LeClaire Hotel facts for kids
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|Location||Jct. of 19th St. and 5th Ave., Moline, Illinois|
|Area||less than one acre|
|Architect||Kirsch & Kolb|
|Architectural style||Early Commercial|
|NRHP reference No.||94000025|
Quick facts for kidsSignificant dates
|Added to NRHP||February 4, 1994|
LeClaire Hotel is an historic building located in downtown Moline, Illinois, United States. It was named a Moline Historic Landmark in 1993, and it was listed on the National Register of Historic Places in 1994. The building now houses apartments and is known as the LeClaire Apartments.
The building was built in 1922 on the east side of downtown Moline. At the time it was built it was the tallest building in what today is known as the Quad Cities. It is named after Antoine LeClaire, a US Army interpreter who served at the treaty signing ceremony that ended the Black Hawk War. He and his wife, the daughter of a Sauk chief, were significant landowners in the area. Most of their property was just across the Mississippi River in Iowa, but they also owned land that became the original plat for the city of Moline.
The LeClaire Hotel was a luxury hotel that hosted celebrities, including Jack Benny, and US presidents, including John F. Kennedy and Ronald Reagan. There was a ballroom on the fifteenth floor called the Top Hat that hosted tea dances that were accompanied by a big band orchestra. The hotel closed in the mid-1980s and sat for ten years without an owner. The Alexander Company bought the property and conducted extensive renovations from 1995-1996 to convert the building into an apartment building. Monarch Investment and Management Group bought the property from Kimberly Clarke in 2015 and they plan to make all the units market-rate apartments as the affordable units become available.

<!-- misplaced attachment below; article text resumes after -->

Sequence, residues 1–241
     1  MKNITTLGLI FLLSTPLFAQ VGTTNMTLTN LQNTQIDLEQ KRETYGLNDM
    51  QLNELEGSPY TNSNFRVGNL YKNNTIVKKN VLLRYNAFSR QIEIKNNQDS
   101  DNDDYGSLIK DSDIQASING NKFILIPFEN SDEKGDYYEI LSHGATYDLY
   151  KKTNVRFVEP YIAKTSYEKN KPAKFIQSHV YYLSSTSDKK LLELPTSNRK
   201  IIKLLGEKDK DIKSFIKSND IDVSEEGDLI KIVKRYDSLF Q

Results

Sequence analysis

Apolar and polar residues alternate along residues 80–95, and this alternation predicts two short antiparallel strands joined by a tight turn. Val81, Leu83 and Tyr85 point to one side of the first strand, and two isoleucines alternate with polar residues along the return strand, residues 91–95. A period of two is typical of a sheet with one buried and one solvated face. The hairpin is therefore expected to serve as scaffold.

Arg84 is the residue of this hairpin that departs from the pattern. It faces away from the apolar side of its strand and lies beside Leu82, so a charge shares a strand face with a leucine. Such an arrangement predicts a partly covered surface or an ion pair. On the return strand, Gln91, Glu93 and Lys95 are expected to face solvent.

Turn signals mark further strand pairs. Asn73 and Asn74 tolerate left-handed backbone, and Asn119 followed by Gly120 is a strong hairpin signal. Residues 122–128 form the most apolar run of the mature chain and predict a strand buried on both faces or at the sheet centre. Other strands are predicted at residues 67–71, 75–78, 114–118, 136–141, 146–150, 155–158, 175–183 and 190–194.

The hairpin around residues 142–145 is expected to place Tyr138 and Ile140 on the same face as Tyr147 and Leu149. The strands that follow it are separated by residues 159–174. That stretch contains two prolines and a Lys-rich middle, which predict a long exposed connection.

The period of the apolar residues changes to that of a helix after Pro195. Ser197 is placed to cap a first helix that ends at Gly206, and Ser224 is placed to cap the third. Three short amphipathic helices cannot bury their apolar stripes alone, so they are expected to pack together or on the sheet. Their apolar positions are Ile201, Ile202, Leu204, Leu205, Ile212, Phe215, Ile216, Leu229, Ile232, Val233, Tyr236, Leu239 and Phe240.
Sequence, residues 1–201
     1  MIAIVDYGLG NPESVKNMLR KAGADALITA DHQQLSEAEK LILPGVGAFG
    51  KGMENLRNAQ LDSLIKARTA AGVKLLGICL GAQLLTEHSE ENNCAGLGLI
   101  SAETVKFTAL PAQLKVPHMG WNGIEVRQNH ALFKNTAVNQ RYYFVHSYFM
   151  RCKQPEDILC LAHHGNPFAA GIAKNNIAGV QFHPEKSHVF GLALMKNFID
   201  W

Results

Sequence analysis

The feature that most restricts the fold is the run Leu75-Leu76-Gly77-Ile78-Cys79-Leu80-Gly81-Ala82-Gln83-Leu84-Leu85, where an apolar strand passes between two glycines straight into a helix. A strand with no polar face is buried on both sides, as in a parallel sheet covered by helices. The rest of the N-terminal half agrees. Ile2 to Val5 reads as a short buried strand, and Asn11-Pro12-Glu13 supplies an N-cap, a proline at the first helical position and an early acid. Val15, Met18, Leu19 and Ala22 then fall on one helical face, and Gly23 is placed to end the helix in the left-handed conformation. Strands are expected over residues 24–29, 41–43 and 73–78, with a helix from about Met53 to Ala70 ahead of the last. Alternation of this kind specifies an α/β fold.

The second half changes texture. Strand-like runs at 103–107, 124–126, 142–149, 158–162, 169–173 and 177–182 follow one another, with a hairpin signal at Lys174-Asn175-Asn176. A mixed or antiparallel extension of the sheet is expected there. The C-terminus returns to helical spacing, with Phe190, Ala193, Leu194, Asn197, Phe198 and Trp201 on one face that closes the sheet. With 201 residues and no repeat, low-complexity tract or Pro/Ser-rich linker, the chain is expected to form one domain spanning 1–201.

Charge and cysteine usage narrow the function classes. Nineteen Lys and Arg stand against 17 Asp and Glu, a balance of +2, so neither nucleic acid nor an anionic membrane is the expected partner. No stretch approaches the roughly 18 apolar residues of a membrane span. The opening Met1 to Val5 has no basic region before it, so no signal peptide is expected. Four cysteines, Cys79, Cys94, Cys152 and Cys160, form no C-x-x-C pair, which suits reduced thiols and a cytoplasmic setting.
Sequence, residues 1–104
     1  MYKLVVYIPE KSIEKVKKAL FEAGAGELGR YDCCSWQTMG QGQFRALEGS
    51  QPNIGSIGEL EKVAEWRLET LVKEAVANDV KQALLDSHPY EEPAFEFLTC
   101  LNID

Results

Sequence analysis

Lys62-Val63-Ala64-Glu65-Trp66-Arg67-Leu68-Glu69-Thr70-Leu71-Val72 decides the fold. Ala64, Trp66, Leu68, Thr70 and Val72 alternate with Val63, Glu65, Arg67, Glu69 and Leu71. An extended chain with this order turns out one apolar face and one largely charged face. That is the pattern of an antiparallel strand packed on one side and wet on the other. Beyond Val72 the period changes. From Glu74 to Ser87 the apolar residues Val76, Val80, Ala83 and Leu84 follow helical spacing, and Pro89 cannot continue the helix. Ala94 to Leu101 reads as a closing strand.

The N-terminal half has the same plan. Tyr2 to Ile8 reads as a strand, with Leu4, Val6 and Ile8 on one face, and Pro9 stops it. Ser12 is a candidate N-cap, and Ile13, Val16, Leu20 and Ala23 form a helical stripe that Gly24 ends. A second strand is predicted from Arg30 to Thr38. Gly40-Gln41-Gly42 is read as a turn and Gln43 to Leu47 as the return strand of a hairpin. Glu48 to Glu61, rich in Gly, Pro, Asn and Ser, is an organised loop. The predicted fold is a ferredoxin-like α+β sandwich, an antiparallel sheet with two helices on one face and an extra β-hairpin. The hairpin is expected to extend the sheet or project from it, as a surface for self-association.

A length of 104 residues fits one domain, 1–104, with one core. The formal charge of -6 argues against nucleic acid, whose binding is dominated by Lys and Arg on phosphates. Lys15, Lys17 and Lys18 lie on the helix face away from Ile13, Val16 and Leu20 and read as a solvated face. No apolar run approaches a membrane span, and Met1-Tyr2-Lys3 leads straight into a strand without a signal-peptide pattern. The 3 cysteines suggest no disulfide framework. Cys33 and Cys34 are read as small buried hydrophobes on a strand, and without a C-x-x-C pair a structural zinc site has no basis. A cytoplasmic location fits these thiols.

The 15-story building is 168 feet (51 m) tall, and is supported by a reinforced concrete superstructure. The exterior is covered in brick, with stone covering the ground floor and the mezzanine. It features a symmetrical façade, a rounded arch entry flanked by rounded arch windows, belt courses, and deep projecting eaves with bracketing. The interior features elements such as the wood-paneled pier supports, checkerboard patterned flooring, mezzanine stairway marble treads, newel posts, rails, and balustrade ironwork. The beamed ceiling and pilaster ornamental motifs were executed by St. Louis artisan Fedrico Aquadro.
|Mary the Jewess|